While I'm still saddened about what happened to the Ocean Light II, I am SO looking forward to leading great photo tours on the BC coast aboard the Afterglow! It's time to start building some new memories! ;-)



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2 Feb '21: 2021 & 2022 Photo Tours Update...

Yesterday I updated my Photo Tours page with the latest status on how COVID-19 has impacted our 2021 & 2022 photo tour schedule to date (after demolishing ALL our 2020 photo tours). Long story short...

1. Our first 6 photo tours of 2021 (from late March through to early June) have been re-scheduled to 2022.

2. Because we have a backlog of folks from our 2020 and first 6 photo tours of 2021 to re-schedule and accommodate on our 2022 photo tours (and possibly on some photo tours in the 2nd half of 2021), we have suspended accepting new bookings for any future photo tours until AT LEAST late autumn of this year. The simple truth is that it makes no sense to accept new bookings until we have a better idea of when we'll be running photo tours again and when we'll have available space on trips!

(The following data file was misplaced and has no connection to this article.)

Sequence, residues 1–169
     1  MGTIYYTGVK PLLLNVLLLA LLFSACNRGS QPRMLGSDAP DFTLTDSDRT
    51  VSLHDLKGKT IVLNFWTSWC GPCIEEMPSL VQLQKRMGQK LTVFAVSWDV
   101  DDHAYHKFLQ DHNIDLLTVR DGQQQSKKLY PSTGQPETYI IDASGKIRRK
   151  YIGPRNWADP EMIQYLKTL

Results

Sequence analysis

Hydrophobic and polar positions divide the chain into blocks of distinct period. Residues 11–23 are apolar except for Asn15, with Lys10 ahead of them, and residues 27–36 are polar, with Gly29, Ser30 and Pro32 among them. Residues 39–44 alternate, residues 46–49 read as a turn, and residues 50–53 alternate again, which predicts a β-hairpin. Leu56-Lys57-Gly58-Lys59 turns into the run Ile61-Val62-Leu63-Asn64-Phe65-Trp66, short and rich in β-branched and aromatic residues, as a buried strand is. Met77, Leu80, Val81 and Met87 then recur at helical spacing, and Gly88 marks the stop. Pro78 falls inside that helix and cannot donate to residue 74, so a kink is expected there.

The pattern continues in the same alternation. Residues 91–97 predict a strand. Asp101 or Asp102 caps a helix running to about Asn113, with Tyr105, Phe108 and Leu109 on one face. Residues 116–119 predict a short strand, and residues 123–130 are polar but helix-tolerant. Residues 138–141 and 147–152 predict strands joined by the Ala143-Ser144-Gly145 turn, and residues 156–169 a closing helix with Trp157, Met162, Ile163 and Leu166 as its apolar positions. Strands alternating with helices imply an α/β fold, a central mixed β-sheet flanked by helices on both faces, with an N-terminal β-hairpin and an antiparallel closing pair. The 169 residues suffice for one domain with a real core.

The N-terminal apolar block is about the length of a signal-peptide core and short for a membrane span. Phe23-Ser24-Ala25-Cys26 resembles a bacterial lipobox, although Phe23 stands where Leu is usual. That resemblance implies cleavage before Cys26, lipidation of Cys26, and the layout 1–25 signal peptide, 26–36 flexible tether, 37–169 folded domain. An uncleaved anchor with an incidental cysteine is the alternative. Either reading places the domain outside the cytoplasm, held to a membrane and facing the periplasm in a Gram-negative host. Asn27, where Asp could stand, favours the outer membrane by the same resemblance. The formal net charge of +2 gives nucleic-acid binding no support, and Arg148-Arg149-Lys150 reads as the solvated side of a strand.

BUT...for those who may be interested in joining in on any of our amazing photo tours on the BC coast it isn't all bad news...there may actually be new opportunities to join in on some photo tours that you normally have to wait years to participate in. Huh? How is this possible? Well...when it is much closer to the commencement dates of some of our 2021 photo tours (including some of the ones that have already been re-scheduled) we may find that it will be possible to run some of them. The catch is that we may not know we can run the photo tours until shortly before (such as 3-4 weeks before) the trip is scheduled. We fully realize this makes it tough for many to plan for - or participate - in the trips. However, it may also mean that we will end up with openings on photo tours that are traditionally very tough to find a spot on (e.g., virtually any of our Khutzeymateen or Great Bear Rainforest photo tours). SO...we are creating a "Yes I can come on short notice" notification list where folks who can jump in at the last minute will be contacted if it turns out we CAN run a photo tour that we had previously re-scheduled. would this work for those who signed up? Well...take our super-popular 2021 Grizzlies of the Khutzeymateen Instructional Photo Tour that takes place in late May of 2021 (and that we have already re-scheduled to 2022). If we find out in late April or early May that we CAN run the trip, we'll contact those on the Notification List and say "hey...the trip is wanna come?" And, if they can come, they come! Of course, we won't accept ANY payments for these last-minute trips until we know for sure we can run them (and the folks on the list can GET to the trip start point).